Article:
We all have thoughts, positive or negative, that trigger strong emotions in us. For instance, many people have persistent thoughts that trouble them: I am going to die. I may get fired from my job. People are germy. I will never amount to anything.
We also have persistent positive thoughts that put us at risk: I have it made financially. My health is great. My job is very easy.
My recent troubling thought was that the election of Donald Trump as president would begin the decline of western civilization, as in the Decline and Fall of the Roman Empire.
To combat that thought, I used a way of thinking called dialectic. It involves thinking the opposite of an emotion-rousing thought. I thought: The election will lead to benefits for me and others. Then I looked for evidence for my new opposing thought. I found some: The U.S. stock market shot up after the election, adding to my wealth.
Then I went on to a happy thought: I have a job that I enjoy (working as an academic). An opposite thought is that I will lose my job. I could not find evidence for the opposite thought, but thinking it led me to take action to help make my work valued and marketable. One action I took was to ensure that everything goes well with an invitation that I received recently to treat a person for phobia as part of a TV show. Universities like academics who do something positive on TV. So I showed initiative and contacted the proposed client well ahead of time to lay the groundwork for successful treatment.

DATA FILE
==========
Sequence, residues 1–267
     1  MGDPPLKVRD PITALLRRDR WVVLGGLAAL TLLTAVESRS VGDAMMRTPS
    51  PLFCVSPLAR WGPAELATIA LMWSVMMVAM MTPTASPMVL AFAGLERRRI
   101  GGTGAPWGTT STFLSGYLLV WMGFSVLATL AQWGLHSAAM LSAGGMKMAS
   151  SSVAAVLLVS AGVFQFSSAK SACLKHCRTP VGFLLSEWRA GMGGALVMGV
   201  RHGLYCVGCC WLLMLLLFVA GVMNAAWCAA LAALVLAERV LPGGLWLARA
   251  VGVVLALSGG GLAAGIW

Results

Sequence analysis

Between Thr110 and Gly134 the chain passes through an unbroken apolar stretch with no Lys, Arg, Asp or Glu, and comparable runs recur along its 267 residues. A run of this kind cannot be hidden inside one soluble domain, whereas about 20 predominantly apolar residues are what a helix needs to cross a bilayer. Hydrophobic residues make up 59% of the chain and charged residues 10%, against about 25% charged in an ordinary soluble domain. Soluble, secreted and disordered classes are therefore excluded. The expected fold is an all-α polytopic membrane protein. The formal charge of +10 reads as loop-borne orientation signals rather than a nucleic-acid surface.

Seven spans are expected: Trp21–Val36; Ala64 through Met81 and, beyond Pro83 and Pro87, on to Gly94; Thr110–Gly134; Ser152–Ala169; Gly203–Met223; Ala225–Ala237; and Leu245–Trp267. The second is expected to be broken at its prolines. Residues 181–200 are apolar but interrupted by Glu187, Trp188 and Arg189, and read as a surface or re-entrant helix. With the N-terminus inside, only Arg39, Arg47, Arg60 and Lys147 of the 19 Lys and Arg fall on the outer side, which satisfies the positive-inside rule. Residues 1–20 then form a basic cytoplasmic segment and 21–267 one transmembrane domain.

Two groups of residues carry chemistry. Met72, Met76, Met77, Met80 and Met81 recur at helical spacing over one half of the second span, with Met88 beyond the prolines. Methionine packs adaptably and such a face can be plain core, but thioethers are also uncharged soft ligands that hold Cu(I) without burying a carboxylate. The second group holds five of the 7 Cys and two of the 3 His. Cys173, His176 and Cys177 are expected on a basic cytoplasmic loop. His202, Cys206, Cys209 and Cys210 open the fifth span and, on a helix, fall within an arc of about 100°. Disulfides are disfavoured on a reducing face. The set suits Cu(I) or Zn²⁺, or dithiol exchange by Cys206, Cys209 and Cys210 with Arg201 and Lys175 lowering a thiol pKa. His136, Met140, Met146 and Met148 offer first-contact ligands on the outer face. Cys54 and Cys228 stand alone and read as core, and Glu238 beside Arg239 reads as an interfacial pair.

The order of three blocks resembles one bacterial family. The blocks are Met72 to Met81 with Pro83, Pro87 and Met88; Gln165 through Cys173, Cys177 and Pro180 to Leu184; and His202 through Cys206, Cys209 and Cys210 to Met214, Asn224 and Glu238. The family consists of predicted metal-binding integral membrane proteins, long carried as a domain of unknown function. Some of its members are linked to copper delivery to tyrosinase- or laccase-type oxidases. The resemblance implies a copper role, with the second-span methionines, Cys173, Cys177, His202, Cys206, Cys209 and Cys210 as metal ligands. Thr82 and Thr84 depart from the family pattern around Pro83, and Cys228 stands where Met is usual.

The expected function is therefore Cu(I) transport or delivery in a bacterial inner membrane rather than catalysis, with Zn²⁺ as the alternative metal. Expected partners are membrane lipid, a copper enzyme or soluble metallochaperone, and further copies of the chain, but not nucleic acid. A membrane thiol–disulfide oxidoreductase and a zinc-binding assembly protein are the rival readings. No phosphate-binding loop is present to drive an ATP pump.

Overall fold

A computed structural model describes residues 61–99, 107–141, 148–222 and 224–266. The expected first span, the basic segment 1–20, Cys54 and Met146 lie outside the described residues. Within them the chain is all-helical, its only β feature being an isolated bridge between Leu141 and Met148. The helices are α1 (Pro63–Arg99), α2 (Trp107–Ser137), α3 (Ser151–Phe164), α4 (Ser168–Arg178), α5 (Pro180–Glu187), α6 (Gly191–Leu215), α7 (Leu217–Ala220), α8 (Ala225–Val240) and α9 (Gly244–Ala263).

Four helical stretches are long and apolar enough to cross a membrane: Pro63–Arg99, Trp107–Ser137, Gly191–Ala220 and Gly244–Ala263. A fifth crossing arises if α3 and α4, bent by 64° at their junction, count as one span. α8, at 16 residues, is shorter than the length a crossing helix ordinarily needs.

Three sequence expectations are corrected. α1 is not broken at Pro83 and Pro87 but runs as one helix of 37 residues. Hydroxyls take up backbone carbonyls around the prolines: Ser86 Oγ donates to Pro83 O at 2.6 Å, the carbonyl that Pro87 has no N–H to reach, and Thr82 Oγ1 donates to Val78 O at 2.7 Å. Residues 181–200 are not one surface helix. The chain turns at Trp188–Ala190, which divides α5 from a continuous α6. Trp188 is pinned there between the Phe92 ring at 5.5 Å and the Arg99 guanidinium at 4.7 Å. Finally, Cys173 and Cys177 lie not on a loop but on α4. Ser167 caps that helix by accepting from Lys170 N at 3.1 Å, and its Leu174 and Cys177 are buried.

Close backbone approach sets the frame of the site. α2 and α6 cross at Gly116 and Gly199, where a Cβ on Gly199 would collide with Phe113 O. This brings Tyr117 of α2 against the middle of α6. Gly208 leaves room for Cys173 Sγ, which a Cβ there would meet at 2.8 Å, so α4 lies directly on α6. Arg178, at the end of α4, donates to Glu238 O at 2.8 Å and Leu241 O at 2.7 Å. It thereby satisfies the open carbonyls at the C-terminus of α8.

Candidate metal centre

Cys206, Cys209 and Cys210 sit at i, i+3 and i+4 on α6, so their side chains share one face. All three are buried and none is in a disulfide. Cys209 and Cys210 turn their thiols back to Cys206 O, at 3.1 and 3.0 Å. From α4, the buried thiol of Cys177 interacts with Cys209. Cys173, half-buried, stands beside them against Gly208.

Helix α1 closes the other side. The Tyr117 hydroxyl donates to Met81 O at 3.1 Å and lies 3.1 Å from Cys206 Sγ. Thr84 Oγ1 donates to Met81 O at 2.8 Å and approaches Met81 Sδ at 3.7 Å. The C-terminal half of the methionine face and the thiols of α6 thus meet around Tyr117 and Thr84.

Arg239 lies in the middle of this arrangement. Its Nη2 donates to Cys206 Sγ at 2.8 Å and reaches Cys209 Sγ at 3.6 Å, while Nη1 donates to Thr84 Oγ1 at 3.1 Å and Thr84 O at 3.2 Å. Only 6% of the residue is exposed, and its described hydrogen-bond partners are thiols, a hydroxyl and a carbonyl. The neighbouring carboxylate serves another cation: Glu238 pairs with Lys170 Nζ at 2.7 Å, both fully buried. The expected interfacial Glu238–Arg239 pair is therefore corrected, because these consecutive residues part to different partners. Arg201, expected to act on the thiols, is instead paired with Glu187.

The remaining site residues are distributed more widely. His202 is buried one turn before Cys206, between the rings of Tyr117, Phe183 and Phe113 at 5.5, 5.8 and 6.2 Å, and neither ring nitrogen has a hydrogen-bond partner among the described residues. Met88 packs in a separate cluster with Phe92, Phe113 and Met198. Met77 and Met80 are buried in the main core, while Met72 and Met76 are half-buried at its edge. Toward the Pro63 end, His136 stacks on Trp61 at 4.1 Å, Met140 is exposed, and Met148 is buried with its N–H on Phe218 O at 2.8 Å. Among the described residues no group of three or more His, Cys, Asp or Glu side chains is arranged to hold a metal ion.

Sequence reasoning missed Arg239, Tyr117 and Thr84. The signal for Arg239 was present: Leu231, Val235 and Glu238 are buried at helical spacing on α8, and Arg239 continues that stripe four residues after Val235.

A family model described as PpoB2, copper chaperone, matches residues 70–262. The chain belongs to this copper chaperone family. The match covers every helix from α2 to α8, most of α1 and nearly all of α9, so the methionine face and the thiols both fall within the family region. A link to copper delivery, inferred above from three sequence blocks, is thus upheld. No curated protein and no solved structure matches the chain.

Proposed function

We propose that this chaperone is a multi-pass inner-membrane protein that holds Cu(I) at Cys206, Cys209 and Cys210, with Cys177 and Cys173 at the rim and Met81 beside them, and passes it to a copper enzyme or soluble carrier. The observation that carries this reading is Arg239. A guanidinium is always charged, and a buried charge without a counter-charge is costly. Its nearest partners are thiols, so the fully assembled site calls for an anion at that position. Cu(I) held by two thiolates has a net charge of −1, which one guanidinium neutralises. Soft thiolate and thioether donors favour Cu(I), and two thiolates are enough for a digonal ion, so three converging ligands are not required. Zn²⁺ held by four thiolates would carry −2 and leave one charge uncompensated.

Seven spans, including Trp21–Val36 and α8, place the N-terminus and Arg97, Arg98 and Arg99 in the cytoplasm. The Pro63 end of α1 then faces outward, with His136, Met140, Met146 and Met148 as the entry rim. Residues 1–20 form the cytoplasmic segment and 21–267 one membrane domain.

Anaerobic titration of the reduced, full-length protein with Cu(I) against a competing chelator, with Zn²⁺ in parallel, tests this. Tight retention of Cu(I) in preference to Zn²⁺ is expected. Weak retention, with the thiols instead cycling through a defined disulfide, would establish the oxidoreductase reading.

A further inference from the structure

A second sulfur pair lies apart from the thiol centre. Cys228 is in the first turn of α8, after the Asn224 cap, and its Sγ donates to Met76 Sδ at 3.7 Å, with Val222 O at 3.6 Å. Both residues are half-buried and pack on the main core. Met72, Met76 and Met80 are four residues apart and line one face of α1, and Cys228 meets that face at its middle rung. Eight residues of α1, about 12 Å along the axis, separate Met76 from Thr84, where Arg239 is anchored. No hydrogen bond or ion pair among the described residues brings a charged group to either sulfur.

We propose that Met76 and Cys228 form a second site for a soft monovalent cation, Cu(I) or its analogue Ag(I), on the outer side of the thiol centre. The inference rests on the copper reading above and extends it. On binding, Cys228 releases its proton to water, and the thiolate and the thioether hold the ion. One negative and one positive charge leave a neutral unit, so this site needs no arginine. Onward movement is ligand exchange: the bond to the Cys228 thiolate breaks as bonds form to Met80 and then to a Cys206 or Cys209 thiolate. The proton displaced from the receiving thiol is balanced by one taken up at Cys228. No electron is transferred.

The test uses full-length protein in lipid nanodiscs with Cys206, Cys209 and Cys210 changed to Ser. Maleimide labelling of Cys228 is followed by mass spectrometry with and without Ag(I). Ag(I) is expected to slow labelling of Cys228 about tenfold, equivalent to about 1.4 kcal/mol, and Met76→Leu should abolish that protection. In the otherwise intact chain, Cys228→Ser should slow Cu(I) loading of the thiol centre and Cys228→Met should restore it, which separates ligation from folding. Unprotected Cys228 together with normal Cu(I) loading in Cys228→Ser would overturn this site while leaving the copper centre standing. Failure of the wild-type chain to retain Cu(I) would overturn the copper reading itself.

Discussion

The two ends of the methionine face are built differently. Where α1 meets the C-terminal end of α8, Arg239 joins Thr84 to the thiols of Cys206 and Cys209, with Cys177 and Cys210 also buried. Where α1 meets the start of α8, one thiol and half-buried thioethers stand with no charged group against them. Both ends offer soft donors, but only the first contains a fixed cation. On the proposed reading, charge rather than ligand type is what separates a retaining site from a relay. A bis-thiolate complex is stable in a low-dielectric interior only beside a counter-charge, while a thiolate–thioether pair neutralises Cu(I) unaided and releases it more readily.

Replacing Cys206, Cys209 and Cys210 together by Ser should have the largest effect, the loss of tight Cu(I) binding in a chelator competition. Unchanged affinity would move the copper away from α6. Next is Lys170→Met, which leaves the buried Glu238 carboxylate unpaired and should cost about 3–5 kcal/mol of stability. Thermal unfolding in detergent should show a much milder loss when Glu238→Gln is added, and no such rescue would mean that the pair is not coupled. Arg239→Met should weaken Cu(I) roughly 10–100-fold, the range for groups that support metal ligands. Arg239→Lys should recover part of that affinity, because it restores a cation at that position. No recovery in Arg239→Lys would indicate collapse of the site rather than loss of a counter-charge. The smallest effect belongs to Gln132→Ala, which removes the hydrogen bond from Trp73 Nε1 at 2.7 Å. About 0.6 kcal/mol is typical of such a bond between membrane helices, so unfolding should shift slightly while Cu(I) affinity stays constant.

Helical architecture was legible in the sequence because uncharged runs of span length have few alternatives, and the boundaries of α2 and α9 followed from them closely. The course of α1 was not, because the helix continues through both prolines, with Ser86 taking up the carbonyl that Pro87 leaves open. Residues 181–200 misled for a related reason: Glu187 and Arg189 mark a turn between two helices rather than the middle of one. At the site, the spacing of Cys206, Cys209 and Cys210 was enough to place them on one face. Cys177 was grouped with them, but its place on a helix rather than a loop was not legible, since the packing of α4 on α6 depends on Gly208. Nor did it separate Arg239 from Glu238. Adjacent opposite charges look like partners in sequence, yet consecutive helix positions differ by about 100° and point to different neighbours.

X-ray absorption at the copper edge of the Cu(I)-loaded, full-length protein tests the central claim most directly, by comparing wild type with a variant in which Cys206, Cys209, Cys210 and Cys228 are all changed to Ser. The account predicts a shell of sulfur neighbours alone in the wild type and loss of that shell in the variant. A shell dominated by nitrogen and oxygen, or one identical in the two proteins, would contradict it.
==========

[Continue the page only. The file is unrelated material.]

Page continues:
I asked one of my friends to try opposite thinking. Her troubling thought, after a rough week at work, was she was thoroughly incompetent. The opposite thought was that she was thoroughly good at her job. I asked her for evidence on both sides. She mentioned poor performance at cleaning up a mess. She also mentioned very positive comments from customers throughout her shift. She decided that the truth was in the middle and that she would complete the cleaning task more quickly with a better method in the future.
The idea for opposite thinking comes from philosophers like Hegel. To philosophers, thinking in opposites can lead to valuable insights involving the integration of opposite ideas.
To psychotherapists, the integration of opposites can help prevent black-and-white thinking such as “I am an idiot” and “My ex is the devil incarnate.” Dialectical behavior therapy aims to foster that integration.
Fiction writers like opposite thinking. Consider Bizarro World of Marvel Comics, where doing something perfect is a capital offense. Another example: The Strange Case of Dr Jekyll and Mr Hyde. There is someone who could use integration.